Forbes Magazine, that staple of CPA offices nationwide, has released its annual NHL team values list and has the Islanders placed 18th, about 10 places higher than most of us probably thought they would.
The team’s value, according to the magazine’s mysterious algorithms, is currently $385 million. That’s an 18 percent
drop increase from last season. While Forbes has them taking in an operating revenue of just $2.7 million, it’s important to note that this is the first time the team hasn’t been losing tons of dough since 2007 (and probably earlier, but the handy interactive graph only goes back that far).
Probably not the best news that a $385 million valuation for the Isles is already $100m less than what new owners just paid for the team.— Peter Botte (@PeterBotte) November 30, 2016
Botte may be an unrepentant and often unfunny troll, but he has a point. Jon Ledecky and Scott Malkin paid $485 for the club, finally taking over as majority owners from Charles Wang this year. They inherited a playoff team and a new arena with a funky set-up and an unusual financial agreement. One season-and-change in, things are still very much in flux with owner, arena and team all still looking for a successful synergy.
Islanders were valued at $139M in 2000 (14th overall) now at $385M, 18th overall per Forbes.— Ted Starkey (@TedStarkey) November 30, 2016
That $53 million the team gets every year from Barclays Center (on top of the $35 million they get from
Cablevision MSG Network to broadcast the games) surely make the Islanders more valuable in Brooklyn than they were in the crumbling wreck of Nassau Coliseum and even more crumbling political climate of Nassau County. But talking about the Islanders means talking about Barclays Center which means talking about the Islanders leaving Barclays Center.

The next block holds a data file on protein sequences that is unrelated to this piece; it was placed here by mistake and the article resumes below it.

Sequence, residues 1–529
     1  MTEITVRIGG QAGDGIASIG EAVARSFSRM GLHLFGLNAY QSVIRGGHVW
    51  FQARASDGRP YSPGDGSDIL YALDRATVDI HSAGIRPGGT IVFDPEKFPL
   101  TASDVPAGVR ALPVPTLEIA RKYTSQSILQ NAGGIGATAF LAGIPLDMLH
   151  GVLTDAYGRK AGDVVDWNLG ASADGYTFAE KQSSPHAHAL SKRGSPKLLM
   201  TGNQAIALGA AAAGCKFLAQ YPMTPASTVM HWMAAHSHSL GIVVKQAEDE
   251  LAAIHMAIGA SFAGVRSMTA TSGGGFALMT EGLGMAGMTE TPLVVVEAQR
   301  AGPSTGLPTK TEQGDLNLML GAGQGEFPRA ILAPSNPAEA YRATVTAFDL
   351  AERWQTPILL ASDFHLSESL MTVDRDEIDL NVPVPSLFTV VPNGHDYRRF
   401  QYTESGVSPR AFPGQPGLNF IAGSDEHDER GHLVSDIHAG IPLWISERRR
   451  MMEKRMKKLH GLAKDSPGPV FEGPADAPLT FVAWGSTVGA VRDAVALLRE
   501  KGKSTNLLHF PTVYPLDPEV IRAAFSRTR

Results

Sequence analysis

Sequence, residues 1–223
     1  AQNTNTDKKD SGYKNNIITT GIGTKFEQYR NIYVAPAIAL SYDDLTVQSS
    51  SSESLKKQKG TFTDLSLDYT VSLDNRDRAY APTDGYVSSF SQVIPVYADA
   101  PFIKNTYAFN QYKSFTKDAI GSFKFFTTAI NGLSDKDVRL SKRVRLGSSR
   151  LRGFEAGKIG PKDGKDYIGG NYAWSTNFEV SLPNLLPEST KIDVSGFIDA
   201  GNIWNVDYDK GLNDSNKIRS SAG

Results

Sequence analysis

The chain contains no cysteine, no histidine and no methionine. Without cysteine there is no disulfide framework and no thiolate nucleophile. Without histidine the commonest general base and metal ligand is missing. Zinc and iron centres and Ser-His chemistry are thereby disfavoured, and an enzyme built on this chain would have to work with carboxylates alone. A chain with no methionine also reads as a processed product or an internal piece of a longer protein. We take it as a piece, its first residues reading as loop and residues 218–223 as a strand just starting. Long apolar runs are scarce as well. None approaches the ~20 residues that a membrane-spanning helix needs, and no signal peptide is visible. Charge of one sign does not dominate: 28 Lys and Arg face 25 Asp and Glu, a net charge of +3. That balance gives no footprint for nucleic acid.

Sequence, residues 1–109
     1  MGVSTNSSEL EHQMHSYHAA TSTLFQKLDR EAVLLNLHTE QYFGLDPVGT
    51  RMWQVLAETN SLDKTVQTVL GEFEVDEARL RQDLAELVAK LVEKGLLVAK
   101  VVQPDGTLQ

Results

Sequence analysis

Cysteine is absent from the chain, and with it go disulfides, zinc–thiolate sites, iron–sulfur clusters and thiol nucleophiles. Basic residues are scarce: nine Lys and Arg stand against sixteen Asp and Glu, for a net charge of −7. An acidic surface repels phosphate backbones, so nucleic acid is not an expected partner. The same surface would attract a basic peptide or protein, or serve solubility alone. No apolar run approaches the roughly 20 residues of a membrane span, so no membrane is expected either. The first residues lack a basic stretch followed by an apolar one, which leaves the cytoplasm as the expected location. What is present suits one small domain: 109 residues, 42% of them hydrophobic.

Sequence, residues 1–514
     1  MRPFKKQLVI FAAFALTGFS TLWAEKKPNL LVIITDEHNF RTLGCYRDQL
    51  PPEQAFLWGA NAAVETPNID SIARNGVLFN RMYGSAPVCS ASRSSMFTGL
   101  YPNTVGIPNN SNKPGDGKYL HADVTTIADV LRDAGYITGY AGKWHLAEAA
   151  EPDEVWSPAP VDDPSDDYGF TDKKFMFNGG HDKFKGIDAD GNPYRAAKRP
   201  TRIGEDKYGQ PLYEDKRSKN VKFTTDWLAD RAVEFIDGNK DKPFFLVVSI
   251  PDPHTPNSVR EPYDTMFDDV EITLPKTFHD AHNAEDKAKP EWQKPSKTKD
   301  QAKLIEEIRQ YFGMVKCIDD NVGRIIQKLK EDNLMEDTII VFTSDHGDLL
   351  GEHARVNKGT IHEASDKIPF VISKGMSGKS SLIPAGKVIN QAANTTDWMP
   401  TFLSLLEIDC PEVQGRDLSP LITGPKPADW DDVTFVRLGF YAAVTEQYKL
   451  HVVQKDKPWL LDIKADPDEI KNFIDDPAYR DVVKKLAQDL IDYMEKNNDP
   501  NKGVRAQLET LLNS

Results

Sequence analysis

Here, Forbes’ breakdown gets a little fantastical.
Look for the team to move out of Barclays Center following the 2017-18 season. Crowds have been small in Brooklyn where the team was guaranteed $53 million in exchange for the Barclays Center retaining all revenue generated by regular season hockey games. One area of interest for a new arena is in Queens near Citi Field, home of the New York Mets.
Unless Forbes knows something we don’t - like the presence of a medieval castle submerged somewhere under the Long Island Sound that arises every hundred or so years to unleash demonic evil upon the Earth and that’s move-in ready - the likelihood of the Islanders leaving Brooklyn a year and a half from now are pretty slim. Regardless of complaints about ice, sightlines and cars in the corners.
Negotiations to either modify, continue or opt-out of the agreement (Thanks, Tom) can begin after this season and continue to January 1, 2018. There will be a lot of back-and-forth and rumors and noise before, during and after that period, but without a place to actually move to (not to mention the need for it to be more lucrative to the club than Barclays is now), the Islanders are kinda stuck. Even if an agreement to build a new arena is struck between Ledecky, Malkin and somebody, it will be years before it’s built.
So keep that Metrocard handy, Forbes. Unless you’re betting on the Islanders moving to Quebec or Seattle.